full auto and tickle the throttle. There is no hesitation, no fuss and no drama as we roll forward at a gentle 40km/h. This is as easy as handling a Camry. We are soon up to 110km/h and the transmission has slurred to seventh gear without giving a single indication of a gear change. No jerk, no change in throttle or revs, just a seamless slide to cruising speed.
Now there is time to look at and feel the car— to see the regulation analogue instruments, feel the meaty leatherwrapped wheel, relax a little into the race-shape leather bucks, appreciate airconditioning coping easily with a 34C Melbourne day.
‘‘Now, put your foot down,’’ Raphanel says.
I do. And the Veyron erupts. Not in a raw, coarse way, but with the emphatic efficiency of a jet fighter. The engine roars, the turbos pump, the gearbox kicks back to second and we are transported into another world. The surge of acceleration is stronger than anything I have felt short of the Renault F1 car I drove last year, and even better than a V8 Supercar.
It’s only a couple of seconds before the speedometer is twisting past 140mph (225km/h).
‘‘Please, ease off now. This is not a racing car and the road is very bumpy. It is too rough to really push the brakes,’’ Raphanel says.
So we glide into the braking space at the top of the back straight, defeat a couple of curves with a few wrist twists, then do the zap-bang acceleration thing again.
This time the speedo goes beyond 160mph (257km/h) with ease, but I still cannot slow the action in my head enough to understand what is really happening.
So we go for a standing start. Nothing dramatic, apart from select- ing the sport setting for the DSG gearbox. I floor the throttle . . . and it feels as if the front wheels are lifting off the ground.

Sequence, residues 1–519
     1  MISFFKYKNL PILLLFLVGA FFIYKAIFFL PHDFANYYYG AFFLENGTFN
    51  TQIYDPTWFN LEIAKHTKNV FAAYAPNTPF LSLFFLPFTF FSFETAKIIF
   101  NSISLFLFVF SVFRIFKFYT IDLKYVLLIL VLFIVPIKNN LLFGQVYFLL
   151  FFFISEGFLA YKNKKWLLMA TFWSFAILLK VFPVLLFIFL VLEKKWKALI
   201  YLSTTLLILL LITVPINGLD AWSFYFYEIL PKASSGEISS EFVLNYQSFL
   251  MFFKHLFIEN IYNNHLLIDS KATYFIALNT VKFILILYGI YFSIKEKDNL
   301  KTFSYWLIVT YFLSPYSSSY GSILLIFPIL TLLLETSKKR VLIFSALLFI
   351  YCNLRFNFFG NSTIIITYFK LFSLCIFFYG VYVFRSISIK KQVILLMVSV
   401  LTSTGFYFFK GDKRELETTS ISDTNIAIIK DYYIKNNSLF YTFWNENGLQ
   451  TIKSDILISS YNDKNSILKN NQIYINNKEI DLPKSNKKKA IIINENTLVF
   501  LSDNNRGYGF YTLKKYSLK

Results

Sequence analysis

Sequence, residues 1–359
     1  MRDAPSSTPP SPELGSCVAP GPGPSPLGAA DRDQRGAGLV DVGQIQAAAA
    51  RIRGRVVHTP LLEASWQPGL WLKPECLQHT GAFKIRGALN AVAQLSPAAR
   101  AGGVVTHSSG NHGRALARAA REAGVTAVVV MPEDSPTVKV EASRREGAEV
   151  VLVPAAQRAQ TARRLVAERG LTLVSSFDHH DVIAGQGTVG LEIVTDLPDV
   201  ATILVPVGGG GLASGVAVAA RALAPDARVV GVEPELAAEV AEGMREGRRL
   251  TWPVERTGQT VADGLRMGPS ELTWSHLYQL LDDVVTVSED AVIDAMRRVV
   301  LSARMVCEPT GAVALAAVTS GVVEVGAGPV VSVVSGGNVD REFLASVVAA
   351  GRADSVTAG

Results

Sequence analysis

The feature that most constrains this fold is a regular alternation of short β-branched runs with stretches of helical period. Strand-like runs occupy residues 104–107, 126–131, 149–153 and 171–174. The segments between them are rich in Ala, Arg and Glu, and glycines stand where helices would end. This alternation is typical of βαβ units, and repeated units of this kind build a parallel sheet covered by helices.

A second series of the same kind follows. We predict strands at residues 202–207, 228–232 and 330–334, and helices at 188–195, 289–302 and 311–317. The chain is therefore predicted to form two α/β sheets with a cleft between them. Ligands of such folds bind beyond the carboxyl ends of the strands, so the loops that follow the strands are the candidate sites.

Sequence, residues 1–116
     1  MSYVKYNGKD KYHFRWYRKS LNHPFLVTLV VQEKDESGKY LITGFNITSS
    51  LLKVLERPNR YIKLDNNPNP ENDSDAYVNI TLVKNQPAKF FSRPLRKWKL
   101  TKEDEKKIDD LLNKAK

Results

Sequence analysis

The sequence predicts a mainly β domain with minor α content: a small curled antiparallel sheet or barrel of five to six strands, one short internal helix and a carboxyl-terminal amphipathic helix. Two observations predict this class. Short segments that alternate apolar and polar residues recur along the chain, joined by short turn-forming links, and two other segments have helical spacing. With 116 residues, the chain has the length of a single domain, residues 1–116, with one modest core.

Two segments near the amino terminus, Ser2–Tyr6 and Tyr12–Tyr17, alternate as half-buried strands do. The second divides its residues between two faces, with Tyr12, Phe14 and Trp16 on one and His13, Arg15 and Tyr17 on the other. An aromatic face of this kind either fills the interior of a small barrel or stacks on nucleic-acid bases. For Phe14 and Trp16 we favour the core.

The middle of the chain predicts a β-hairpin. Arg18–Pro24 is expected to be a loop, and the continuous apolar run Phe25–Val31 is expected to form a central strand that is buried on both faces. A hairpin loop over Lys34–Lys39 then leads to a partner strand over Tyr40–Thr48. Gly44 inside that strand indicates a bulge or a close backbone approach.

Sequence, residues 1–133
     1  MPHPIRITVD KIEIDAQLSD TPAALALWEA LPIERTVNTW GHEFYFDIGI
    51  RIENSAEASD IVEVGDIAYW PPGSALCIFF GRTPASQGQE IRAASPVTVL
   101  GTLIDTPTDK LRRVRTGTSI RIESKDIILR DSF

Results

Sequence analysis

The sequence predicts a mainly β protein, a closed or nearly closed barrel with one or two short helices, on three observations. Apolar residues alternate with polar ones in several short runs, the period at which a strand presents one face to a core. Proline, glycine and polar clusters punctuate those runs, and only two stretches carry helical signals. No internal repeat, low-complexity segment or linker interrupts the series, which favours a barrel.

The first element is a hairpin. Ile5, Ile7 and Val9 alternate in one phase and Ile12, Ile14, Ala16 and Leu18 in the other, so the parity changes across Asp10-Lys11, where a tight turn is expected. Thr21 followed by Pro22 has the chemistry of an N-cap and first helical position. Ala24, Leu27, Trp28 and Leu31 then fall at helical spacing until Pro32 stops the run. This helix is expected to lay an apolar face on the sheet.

This is unbelievable stuff for a super-luxury coupe that weighs more than 1800kg.
There is a brief pause when a bump unloads one wheel and the traction control intervenes, but otherwise it’s a catapult takeoff.
ONE second you are sitting here, the next you are gone. My five laps are over far too soon. I cannot say much about the handling, because the track was too rough and suspension too cushy to really push, but the performance is staggering.
What else can I remember? The beautifully responsive steering, the seamless action of the gearbox, the way the engine lights up even on light throttle and the incredible torque and power of a motor designed and developed to push the Veyron beyond 200mph (320km/h).
Oh, and seats with basic manual control. Just a pull-and-slide lever without a single electric motor.
The Veyron is so fast it makes a V8 Supercar seem tame.
There is a kink on the back straight at Sandown that is hardly there in a racing Commodore, but it becomes a real corner in the Veyron.
Yet the car also has the final finishing you find in a Rolls-Royce Phantom, as you would expect when the price is $2.7 million.
It is hard to put the Veyron experience into words, but one spectator at Sandown does it well enough as I try to talk him through the drive.
‘‘It’s all that, and a bag of chips, then?’’ he asks. Exactly.